One Year On: Assessing the EU’s Response to the Arab Spring
The Rome office of the European Council of Foreign Relations (ECFR) organised a brainstorming session/roundtable on North Africa in collaboration with the Institute for International Affairs (IAI). The debate took place on May 9th and was animated by Ettore Greco, Nathalie Tocci and Stefano Silvestri, respectively Director, Vice-Director and President of the Institute of International Affairs and by Nick Witney and Anthony Dworkin, Senior Policy Fellows at the ECFR.
Participants included Maurizio Massari, Italy’s Foreign Affairs Special Envoy for the Mediterranean and the Arab Spring; Giuseppe Scognamiglio, Unicredit Group SPA Executive Vice President and Head of Public Affairs, as well as ECFR Council Member; MP Lapo Pistelli; Valeria Biagiotti, Advisor for the Analysis and Programming Unit of the Italian Ministry of Foreign Affairs; Giacomo Filibeck, Democratic Party’s Foreign Department Coordinator; Stefano Queirolo Palmas, Italian Foreign Affairs Ministry Coordinating Secretary for the Gulf Countries; Erman Topçu, Second Secretary to the Turkish Embassy in Italy; and numerous researchers and experts.
The discussion focused on recent domestic and regional trends, as well as the EU’s contribution to democratization and development in North Africa. It was emphasized that future economic and security challenges are the true obstacles to an open political process. In fact, the Arab revolutions are more likely to fail because of the extremely difficult economic situation and lack of employment opportunities, rather than the elections and the overall constitutional process. At the regional level, the most significant trends include renewed efforts towards regional cooperation, in particular in the framework of the 5+5 Dialogue, and the emergence of Islamist parties as the key actors in national parliaments and government coalitions. These trends contribute to making the regional landscape fluid and in constant flux.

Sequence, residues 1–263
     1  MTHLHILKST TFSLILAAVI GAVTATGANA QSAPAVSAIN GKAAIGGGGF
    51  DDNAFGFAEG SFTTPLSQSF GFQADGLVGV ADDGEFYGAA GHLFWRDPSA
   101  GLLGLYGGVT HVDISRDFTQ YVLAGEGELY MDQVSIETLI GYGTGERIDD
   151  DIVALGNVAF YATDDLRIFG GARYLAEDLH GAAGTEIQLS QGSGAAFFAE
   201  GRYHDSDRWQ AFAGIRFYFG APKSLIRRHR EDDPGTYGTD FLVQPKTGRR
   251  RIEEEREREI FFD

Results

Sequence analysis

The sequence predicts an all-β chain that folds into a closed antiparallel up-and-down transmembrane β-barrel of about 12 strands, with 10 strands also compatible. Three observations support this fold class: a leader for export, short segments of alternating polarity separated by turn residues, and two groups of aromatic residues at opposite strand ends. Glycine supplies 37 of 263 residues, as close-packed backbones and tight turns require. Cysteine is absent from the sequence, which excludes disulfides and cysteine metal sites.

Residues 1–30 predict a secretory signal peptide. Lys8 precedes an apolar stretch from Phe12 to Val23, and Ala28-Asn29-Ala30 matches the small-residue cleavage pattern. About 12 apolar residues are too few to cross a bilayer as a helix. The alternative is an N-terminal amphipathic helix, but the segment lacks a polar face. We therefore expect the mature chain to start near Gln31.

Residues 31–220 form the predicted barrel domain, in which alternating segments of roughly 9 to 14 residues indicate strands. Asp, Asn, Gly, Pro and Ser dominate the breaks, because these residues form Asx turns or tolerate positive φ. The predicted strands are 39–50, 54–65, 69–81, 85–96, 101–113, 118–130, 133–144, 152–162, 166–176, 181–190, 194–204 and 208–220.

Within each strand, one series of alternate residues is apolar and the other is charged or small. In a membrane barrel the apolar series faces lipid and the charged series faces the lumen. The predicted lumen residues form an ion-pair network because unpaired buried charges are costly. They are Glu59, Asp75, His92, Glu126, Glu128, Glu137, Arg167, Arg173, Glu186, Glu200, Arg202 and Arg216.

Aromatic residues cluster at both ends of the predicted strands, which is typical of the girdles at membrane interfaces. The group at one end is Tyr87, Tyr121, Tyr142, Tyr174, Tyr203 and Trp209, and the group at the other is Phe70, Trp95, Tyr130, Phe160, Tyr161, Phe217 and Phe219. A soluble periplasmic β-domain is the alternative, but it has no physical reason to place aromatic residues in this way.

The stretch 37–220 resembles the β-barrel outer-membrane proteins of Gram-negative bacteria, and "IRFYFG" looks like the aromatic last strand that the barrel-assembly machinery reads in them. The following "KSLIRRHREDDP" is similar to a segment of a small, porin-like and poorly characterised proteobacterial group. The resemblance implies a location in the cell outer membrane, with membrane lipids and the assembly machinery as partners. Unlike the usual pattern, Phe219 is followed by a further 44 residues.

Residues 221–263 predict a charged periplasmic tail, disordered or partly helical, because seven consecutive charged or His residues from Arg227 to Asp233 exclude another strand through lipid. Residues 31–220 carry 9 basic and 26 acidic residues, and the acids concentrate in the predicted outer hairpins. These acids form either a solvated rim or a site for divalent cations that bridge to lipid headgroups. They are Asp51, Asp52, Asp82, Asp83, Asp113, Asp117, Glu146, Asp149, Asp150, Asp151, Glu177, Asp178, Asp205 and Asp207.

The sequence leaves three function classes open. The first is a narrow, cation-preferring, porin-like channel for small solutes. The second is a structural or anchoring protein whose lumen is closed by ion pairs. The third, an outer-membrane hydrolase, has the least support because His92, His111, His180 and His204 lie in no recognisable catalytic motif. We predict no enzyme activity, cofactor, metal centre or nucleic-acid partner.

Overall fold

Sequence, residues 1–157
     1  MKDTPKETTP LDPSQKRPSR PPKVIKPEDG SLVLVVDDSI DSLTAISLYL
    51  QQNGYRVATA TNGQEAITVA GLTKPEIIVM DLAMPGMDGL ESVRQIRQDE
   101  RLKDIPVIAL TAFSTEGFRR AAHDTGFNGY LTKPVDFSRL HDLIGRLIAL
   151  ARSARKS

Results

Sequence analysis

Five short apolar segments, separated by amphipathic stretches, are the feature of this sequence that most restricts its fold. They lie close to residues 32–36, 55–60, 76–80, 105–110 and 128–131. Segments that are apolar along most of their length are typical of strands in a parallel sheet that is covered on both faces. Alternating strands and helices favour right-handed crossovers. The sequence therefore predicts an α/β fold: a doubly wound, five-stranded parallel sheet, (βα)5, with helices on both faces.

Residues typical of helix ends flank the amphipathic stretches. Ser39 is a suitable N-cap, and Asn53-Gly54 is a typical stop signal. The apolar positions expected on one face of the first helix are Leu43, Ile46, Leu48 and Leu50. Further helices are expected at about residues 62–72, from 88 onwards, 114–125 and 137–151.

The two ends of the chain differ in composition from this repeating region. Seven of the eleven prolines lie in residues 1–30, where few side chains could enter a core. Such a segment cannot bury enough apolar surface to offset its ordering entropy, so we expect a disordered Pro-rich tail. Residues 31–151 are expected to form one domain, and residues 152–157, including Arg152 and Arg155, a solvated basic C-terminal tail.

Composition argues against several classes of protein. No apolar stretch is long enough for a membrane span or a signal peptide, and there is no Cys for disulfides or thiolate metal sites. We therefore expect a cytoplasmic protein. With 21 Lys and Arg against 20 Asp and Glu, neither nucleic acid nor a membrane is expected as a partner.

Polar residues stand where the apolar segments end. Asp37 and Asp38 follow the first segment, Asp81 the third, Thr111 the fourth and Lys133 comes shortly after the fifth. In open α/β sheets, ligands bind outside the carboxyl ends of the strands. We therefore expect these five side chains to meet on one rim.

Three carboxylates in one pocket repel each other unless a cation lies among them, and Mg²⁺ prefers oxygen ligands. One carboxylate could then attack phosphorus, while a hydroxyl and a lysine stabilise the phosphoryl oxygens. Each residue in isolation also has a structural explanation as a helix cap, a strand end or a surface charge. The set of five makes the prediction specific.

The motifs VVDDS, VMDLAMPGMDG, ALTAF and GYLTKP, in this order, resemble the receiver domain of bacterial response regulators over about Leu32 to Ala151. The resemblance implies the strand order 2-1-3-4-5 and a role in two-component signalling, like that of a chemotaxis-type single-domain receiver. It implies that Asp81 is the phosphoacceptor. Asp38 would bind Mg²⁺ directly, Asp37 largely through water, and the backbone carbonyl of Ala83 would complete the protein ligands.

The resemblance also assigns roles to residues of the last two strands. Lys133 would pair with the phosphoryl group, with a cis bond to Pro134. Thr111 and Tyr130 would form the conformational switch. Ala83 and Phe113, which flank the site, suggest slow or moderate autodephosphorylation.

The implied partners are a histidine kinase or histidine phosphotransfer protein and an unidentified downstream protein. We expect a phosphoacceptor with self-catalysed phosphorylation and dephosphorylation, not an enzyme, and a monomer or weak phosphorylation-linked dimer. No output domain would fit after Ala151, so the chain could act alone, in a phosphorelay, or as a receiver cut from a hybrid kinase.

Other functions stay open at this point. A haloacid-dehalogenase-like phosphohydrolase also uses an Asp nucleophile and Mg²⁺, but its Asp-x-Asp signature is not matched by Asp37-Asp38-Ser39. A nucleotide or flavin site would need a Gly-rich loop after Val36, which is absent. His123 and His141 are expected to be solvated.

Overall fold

The debate underscored the lack of an adequate response on Europe’s part to the challenges and revolutionary changes prompted by the Arab spring. The European response, focused mainly on a revision of the European Neighbourhood Policy (ENP), is characterised by both objective and instrumental shortcomings. As regards objectives, the emphasis has remained on neo-liberal reforms rather than on the links between migration and development. One participant argued that the only field in which the EU could make concessions without involving capital is migration; however, it was also underlined that the EU is not ready to take on such a commitment because of persisting political, cultural and security reservations. As concerns instruments, the debate focused on the diverse and incoherent conditionality applied by the EU vis-à-vis the different Arab countries. As stressed by one participant, conditionality should aim at establishing a legitimate and accountable government and should focus on the democratisation process in those countries that are of key interest to Europe.